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How NOT to find your designer.

For 20 years before transitioning to a home build mentor, I was a building designer, specialising in the design, documentation and project management of homes. On more occasions than I care to remember, I received email inquiries in some shape and form similar to this;


You may be thinking- What’s wrong with that? It’s direct and straight to the point. Sure, but it’s also generic and has no regard for the design and expertise required to design and document the inquirers’ project. In the 20-seconds it took to ‘Copy + Paste’ that email to a raft of designers, they single-handedly made 90% certain I would not take on their project. And I know from discussions with my design buddy peers that they feel the same way. Architects and building designers are in high demand. They can pick and choose their preferred clients. As the old saying goes, ‘You never get a second chance to make a first impression’. And this first impression is not ideal.

Let’s review the email briefly and see where Josh & Emily went wrong.

Draw up plans. This statement is overused when requesting design and documentation for house design. Sure, you will get plans. But the plans are the byproduct of an extensive design and development process; they are the final set of technical documentation produced to reflect compliance with the Building Regulations, Construction Code and Australian Standards. But you aren’t not engaging the designer for plans, you are engaging them to design and then document your home.

We know what we want. But do you really? More often than not, the sketches focus only on achieving the extra space. But have you also considered;

  • If the design complies with council legislation.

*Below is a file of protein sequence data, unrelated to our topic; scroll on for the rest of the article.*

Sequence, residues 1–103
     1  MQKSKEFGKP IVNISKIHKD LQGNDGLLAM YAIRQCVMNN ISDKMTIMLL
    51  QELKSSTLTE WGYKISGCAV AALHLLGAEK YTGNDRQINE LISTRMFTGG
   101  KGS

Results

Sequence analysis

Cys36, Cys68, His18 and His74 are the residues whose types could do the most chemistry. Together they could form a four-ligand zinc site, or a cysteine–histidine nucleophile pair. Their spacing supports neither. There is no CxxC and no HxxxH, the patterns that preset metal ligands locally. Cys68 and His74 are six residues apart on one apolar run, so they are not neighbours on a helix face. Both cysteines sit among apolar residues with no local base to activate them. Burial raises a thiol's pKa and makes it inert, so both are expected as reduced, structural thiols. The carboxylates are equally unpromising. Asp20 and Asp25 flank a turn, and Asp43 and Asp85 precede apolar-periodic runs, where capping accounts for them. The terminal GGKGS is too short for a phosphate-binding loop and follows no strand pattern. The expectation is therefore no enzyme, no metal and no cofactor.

• If the extension is oriented for optimum passive solar outcomes and can comply with energy efficiency requirements.
  • How the floor plans will translate to a built form in elevation or 3D.
  • The potential cost of the sketched works relative to your perceived budget.
  • How easily the renovations and additions can be accommodated with the existing conditions.
  • And the list goes on. You get the gist. Your sketch is just one option for your addition. But is it the best and only option?

What is your fee? The design of your project is not an object; it’s a process. When shopping around, you won’t be comparing apples with apples. The outcome of your project will vary greatly depending on your chosen designer. The fee is just one of many measures you should use to determine the best designer for your project. You will be hard-pressed to find a designer that can or will prepare a fee proposal based on this email alone.

We are keen to get started straight away. The designer only learns of your intention to undertake your project when they open your email and will unlikely be available to commence immediately. Most designers are booked out for weeks, if not months, in advance. And sometimes, waiting for the right designer is the best move you can make for the success of your project.

  • My home build mentoring clients learn the success of their project is built on the strength of the relationships they engage. Most critically, the relationship you will have with your designer. So let’s see how we can tweak Josh & Emily’s inquiry email to show the designer that they value their expertise and that we would be great clients to work with.

Well, hello Josh & Emily; don’t you sound just delightful! What a great way to kick off our first exchange.

So my final tip for first reaching out to your preferred designers; talk to the person you are hoping to engage with, not the outcomes. Sure, you need plans. But the person, team, and processes behind those plans are what will make your project a success.